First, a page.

|Publication number||US6857040 B2|
|Application number||US 10/006,878|
|Publication date||Feb 15, 2005|
|Filing date||Dec 5, 2001|
|Priority date||Dec 5, 2001|
|Also published as||US20030105910|
|Publication number||006878, 10006878, US 6857040 B2, US 6857040B2, US-B2-6857040, US6857040 B2, US6857040B2|
|Inventors||Robert L. Noonan, Theodore F. Emerson|
|Original Assignee||Hewlett-Packard Development Company, L.P.|
|Export Citation||BiBTeX, EndNote, RefMan|
|Patent Citations (4), Non-Patent Citations (1), Referenced by (17), Classifications (7), Legal Events (9)|
|External Links: USPTO, USPTO Assignment, Espacenet|
1. Field of the Invention
The present invention generally relates to a bus bridge. More particularly, the invention relates to a bi-directional bridge for use with buses in which multiple devices may attempt to drive the bus concurrently. More particularly still, the invention relates to an I2C bus bridge.
2. Background of the Invention
Modern computer systems generally include a plurality of devices interconnected through a system of buses. For example, a conventional computer system typically contains one or more central processing unit (CPUs) coupled through a host bridge to a main memory unit. A CPU bus usually couples the CPU(s) to the host bridge, and a memory bus connects the bridge to the main memory. The host bridge typically includes a memory controller which receives memory access requests (such as from the CPUs) and responds by generating standard control signals necessary to access the main memory.
Other types of buses may also be present in a computer system. The I2C bus developed by Philips is one such example. The I2C bus generally has a simple architecture, is easy to use and is thus becoming widely used. The I2C bus has one or more characteristics that may also be found in other buses now known or later developed. One such characteristic is that only a limited number of devices can be connected to any one bus. This limitation results from electrical loading and noise concerns. Accordingly, if the number of I2C-compliant devices desired to be included in a system increases, a system designer is forced to include more than one I2C bus in the system. It is not uncommon today for a system to have multiple I2C buses with each bus having one or more devices connected thereto.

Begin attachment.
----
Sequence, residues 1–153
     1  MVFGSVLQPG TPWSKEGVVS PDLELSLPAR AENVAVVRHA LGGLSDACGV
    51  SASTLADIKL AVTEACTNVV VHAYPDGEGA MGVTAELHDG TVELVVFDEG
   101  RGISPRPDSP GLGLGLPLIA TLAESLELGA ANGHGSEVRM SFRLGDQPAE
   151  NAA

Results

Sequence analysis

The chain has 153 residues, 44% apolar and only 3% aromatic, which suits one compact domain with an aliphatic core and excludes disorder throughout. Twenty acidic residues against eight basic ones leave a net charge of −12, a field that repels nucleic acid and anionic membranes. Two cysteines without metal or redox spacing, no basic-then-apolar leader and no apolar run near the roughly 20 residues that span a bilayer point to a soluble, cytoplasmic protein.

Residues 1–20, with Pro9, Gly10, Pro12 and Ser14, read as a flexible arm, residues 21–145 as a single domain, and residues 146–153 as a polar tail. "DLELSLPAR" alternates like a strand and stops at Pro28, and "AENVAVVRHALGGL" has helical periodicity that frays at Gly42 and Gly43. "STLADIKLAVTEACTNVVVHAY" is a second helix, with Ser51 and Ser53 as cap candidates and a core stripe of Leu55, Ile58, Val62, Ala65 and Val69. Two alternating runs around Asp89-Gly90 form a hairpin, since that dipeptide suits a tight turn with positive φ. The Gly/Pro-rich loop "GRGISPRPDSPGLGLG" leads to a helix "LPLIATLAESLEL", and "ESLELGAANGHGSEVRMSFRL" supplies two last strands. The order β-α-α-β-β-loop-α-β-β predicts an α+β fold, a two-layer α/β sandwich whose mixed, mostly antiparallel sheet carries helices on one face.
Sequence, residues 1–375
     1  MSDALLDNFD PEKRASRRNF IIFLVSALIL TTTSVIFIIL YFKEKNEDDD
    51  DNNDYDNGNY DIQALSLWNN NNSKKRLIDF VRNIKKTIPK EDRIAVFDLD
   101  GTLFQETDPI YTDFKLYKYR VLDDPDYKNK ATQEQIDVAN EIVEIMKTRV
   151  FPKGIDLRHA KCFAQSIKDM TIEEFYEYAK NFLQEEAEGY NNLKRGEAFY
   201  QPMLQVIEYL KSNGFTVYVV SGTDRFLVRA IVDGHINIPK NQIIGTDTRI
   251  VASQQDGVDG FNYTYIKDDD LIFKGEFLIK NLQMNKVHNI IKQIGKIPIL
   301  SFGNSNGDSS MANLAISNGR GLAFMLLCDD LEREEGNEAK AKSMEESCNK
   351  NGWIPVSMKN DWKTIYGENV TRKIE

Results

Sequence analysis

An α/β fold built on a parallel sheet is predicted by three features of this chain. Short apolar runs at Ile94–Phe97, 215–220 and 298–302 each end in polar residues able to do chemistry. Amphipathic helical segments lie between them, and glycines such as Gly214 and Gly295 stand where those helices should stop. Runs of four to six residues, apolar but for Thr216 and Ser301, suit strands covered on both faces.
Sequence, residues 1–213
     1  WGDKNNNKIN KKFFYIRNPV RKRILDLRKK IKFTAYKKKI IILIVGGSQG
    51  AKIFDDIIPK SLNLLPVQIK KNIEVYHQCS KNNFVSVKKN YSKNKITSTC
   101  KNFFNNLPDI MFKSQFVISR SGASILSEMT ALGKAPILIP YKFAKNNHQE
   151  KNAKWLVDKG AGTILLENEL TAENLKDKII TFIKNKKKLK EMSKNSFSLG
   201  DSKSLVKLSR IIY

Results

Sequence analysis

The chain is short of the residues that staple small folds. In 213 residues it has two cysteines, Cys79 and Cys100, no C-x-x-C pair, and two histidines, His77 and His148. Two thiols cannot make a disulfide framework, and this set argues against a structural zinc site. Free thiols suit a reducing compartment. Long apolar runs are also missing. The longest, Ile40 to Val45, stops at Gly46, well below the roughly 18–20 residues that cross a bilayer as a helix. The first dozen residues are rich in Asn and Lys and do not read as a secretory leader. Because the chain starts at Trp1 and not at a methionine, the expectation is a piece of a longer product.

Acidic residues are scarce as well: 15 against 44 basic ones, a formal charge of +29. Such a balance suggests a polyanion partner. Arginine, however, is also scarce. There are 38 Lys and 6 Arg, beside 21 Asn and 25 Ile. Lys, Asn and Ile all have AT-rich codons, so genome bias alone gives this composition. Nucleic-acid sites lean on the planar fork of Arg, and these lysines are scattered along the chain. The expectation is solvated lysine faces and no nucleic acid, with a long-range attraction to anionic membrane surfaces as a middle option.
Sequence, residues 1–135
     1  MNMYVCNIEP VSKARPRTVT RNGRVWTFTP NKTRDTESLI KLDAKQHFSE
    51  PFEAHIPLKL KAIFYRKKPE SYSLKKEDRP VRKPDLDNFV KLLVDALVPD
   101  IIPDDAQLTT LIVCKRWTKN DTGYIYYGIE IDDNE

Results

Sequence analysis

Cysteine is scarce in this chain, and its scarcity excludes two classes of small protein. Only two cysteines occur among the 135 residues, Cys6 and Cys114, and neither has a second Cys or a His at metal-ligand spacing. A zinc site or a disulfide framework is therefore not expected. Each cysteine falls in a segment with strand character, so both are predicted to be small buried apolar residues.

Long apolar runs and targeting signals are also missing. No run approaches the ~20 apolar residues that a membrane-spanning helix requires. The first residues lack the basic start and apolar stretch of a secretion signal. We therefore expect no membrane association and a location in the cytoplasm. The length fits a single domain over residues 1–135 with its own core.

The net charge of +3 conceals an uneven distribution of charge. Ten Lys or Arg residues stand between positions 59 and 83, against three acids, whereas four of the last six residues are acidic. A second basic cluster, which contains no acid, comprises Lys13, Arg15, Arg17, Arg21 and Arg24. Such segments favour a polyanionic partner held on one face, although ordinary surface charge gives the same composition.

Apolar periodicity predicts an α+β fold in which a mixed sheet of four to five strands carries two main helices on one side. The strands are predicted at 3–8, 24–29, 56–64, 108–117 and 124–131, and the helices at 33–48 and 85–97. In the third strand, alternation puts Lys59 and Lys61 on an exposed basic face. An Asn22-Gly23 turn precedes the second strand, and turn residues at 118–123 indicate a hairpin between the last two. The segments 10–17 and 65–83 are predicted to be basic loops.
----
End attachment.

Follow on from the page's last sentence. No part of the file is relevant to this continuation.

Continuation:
It may be desired for a device attached to one I2C bus to communicate with a device attached to another I2C bus. One way to permit this communication, albeit in a less than efficient manner, includes using the core logic of the system (e.g., the host processor) to pass information from one I2C bus to another. Another technique would be to bridge the two I2C buses together.
The bridge solution is not simple and straightforward because of another characteristic of the I2C bus in which more than one device attached to the bus may attempt to drive the bus at a time. Concurrent bus assertion is common during the I2C bus arbitration process, for example. Also, slave devices may attempt to drive a bus while a master is driving the bus in order to cause the transaction to stall for one reason or another. When a device drives the bus, the device typically pulls one of the bus signals low. Another device may drive that same signal low. Because a second device is driving the signal low, the signal will remain low even if the first device releases the signal. This is generally true because of the open-collector or open-drain nature of the I2C bus. This characteristic makes it difficult to bridge two I2C buses together.